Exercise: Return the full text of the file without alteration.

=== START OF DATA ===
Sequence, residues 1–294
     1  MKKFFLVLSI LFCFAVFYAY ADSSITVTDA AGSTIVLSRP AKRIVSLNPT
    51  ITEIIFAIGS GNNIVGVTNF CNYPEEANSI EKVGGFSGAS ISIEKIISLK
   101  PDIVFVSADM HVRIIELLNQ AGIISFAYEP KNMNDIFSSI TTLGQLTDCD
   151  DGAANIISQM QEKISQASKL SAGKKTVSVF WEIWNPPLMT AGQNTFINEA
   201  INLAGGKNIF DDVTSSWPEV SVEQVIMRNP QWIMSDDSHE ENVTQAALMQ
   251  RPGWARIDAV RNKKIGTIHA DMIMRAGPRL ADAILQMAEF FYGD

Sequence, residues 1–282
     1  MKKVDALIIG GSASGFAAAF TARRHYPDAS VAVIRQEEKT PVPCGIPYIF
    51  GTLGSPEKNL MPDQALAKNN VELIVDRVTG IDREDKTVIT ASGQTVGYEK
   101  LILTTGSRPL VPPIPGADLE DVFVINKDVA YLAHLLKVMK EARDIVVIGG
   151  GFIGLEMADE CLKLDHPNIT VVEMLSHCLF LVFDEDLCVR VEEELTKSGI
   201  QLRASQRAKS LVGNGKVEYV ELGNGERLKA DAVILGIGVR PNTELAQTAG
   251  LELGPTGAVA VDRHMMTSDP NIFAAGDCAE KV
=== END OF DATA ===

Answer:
Sequence, residues 1–294
     1  MKKFFLVLSI LFCFAVFYAY ADSSITVTDA AGSTIVLSRP AKRIVSLNPT
    51  ITEIIFAIGS GNNIVGVTNF CNYPEEANSI EKVGGFSGAS ISIEKIISLK
   101  PDIVFVSADM HVRIIELLNQ AGIISFAYEP KNMNDIFSSI TTLGQLTDCD
   151  DGAANIISQM QEKISQASKL SAGKKTVSVF WEIWNPPLMT AGQNTFINEA
   201  INLAGGKNIF DDVTSSWPEV SVEQVIMRNP QWIMSDDSHE ENVTQAALMQ
   251  RPGWARIDAV RNKKIGTIHA DMIMRAGPRL ADAILQMAEF FYGD

Sequence, residues 1–282
     1  MKKVDALIIG GSASGFAAAF TARRHYPDAS VAVIRQEEKT PVPCGIPYIF
    51  GTLGSPEKNL MPDQALAKNN VELIVDRVTG IDREDKTVIT ASGQTVGYEK
   101  LILTTGSRPL VPPIPGADLE DVFVINKDVA YLAHLLKVMK EARDIVVIGG
   151  GFIGLEMADE CLKLDHPNIT VVEMLSHCLF LVFDEDLCVR VEEELTKSGI
   201  QLRASQRAKS LVGNGKVEYV ELGNGERLKA DAVILGIGVR PNTELAQTAG
   251  LELGPTGAVA VDRHMMTSDP NIFAAGDCAE KV